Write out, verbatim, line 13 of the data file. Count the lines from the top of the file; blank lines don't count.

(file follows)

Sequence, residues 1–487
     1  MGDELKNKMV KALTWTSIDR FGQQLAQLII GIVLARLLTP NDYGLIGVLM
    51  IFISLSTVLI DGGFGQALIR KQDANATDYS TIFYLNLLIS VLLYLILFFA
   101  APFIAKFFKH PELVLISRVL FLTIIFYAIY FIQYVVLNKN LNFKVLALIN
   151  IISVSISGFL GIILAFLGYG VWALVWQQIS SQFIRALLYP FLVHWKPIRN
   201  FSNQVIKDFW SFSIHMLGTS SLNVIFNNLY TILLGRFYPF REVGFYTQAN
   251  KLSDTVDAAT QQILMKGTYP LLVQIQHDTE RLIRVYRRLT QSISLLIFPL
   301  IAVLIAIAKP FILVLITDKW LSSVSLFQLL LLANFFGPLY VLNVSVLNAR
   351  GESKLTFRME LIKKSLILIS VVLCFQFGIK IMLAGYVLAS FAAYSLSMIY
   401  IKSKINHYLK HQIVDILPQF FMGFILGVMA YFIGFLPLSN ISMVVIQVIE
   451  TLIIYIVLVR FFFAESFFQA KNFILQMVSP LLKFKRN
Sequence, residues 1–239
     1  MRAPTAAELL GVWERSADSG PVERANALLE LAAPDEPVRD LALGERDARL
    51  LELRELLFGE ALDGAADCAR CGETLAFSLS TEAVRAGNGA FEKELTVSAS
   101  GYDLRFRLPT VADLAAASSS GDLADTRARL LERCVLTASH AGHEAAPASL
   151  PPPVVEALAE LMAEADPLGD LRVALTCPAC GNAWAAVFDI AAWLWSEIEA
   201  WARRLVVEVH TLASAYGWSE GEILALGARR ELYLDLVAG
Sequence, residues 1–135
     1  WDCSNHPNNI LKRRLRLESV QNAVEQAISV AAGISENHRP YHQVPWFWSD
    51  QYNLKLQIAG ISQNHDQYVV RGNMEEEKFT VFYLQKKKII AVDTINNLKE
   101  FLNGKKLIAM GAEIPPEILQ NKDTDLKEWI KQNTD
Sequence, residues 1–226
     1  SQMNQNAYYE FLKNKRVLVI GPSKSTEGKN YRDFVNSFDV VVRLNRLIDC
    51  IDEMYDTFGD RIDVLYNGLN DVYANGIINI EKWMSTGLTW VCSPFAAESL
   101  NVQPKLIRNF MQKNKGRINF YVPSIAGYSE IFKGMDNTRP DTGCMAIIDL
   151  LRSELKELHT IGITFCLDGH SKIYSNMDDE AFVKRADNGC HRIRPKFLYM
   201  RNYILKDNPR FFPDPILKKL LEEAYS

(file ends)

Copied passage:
     1  MRAPTAAELL GVWERSADSG PVERANALLE LAAPDEPVRD LALGERDARL